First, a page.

“My mission in life is not merely to survive, but to thrive; and to do so with some passion, some compassion, some humour, and some style” Maya Angelou
Take a look at the first image. What does it say to you? This painting by Chagall, who was a Russian Jew, was made during the Holocaust both as a lament for and a celebration of his people and their culture.
Ok, I have to admit it, like most people I know, I’ve been pretty fed up recently. The thought that the lockdown could well go on into March, even April has really taken the wind from my sails: this time around it feels harder than before, because it has gone on for so long, because we have no clear end in sight, because its winter, because – well, actually because all my plans keep being put on hold if I’m honest. I have many lovely things I want to do, and I can’t. I have an exhibition lined up for September and its looking increasingly unlikely. This is an exhibition I have been planning for two years, and some of the artwork I have been making for over ten years. I have art and wellbeing sessions planned for the community, for those who most need such an opportunity, but I can’t deliver them. I have just been half furloughed from my job in a day centre for adults with a disability, those who desperately need such a service.
I had a real grumble about this to my husband. His response, bearing in mind that his job is hugely stressful at the moment because of lockdown, was: ‘well I’m just glad that no one I know has died or knows someone who has died.’ Talk about putting things into perspective. I wonder how it feels to always be in the right!
Except: except. Of course, it’s all relative, and of course there are many who are struggling with much worse prospects than a cancelled exhibition. Poverty, abuse, mental illness, loneliness. But the exchange got me thinking. If all we live for is to avoid death, then are we really living? In the end is it just about the survival of the fittest? And I remembered a poem, written by Charlotte Delbo, a survivor of Auschwitz. My second image shows a still from a video piece by Studio Azzurro that has inspired me to make an artwork based on this poem.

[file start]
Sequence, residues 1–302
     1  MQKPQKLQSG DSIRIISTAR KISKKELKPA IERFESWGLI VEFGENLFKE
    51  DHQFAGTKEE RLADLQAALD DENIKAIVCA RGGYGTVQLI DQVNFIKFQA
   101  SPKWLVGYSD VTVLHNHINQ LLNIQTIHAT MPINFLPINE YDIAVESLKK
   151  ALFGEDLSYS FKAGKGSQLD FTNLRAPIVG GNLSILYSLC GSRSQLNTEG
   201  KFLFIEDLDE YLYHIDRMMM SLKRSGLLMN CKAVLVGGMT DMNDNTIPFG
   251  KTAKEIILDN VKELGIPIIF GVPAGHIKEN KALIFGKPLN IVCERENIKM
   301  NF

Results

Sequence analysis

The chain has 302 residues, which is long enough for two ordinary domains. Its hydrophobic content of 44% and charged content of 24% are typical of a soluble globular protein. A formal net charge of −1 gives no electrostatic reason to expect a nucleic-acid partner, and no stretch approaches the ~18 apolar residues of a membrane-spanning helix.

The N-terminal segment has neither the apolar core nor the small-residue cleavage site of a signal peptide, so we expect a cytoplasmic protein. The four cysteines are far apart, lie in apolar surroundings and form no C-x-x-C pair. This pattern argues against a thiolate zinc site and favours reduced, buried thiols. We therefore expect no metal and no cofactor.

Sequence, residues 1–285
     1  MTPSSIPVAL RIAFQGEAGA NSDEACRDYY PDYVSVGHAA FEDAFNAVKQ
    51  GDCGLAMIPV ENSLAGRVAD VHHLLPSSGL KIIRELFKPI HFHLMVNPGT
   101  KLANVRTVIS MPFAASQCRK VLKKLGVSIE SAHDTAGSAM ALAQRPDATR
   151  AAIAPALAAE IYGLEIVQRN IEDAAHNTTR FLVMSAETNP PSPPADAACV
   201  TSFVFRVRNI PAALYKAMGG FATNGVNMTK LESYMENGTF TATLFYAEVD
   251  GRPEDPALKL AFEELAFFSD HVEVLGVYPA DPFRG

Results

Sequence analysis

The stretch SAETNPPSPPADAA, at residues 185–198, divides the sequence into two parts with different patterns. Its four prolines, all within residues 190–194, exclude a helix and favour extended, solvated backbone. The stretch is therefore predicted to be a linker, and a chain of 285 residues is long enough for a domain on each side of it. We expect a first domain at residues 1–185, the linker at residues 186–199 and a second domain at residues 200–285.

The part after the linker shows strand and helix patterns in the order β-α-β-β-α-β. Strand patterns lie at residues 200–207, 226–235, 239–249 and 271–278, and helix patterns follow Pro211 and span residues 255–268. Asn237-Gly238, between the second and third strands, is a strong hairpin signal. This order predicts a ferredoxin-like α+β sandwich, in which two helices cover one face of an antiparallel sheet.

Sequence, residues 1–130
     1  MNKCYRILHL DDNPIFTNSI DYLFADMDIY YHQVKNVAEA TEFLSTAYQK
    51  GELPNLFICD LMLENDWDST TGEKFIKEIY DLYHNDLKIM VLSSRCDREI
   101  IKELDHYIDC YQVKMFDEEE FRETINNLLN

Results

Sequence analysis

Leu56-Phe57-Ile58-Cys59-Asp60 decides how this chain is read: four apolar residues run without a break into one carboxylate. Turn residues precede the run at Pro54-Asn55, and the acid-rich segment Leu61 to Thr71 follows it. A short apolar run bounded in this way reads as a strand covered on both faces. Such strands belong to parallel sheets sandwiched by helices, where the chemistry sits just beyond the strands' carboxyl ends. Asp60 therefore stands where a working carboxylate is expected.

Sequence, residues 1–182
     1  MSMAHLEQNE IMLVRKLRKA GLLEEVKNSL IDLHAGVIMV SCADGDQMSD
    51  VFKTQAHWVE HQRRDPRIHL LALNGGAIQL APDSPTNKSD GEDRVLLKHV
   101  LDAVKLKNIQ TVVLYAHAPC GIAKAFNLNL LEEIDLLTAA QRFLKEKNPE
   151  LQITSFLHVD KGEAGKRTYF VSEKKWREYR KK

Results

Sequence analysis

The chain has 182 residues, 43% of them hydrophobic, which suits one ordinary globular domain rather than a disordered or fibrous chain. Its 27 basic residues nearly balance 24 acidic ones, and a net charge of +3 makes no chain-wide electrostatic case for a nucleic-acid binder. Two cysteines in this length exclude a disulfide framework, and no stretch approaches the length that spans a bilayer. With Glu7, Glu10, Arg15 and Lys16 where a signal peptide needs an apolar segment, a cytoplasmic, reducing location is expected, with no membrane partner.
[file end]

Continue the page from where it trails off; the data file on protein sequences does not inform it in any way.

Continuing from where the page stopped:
I beg you
Learn a dance step
Something to justify your existence
Something that gives you the right
To be dressed in your skin in your body hair
Learn to walk and to laugh
Because it would be too senseless
For so many to have died
While you live
Doing nothing with your life.
What has been heartening about the last ten months is the exuberant and inventive ways people have learnt to be creative. Many are learning new skills such as crochet, or painting, baking, growing their own or playing an instrument. Artists and others are finding new ways to share their work and encourage others online. It’s not ideal, some things cannot be emulated such as singing or making music with other people for example, but I have been amazed at the determination of the human spirit to create joy, share love and celebrate life despite everything. Let’s hold onto this courageous insistence that life is about thriving not just surviving and let’s help those around us to do the same, even through the lockdown blues. Prescribed New Year’s viewing in our house was Dr Who; my son is a huge fan. Something that The Doctor often says in one way or another, is how wonderful humanity is, because of our imagination. And I agree.
Take time to look at the pictures and consider these questions:
- What are your lockdown blues?
- What can you determine to do to keep your spirit up?
- How can you encourage those around you?
You will need a hobby or activity of your own choice and another person, either in your garden, in your bubble or online
- Share your creative fun and passion with the other person, teach them a skill, or just tell them what being creative means to you and how it enriches your life
This meditation is commissioned by Leeds Methodist Mission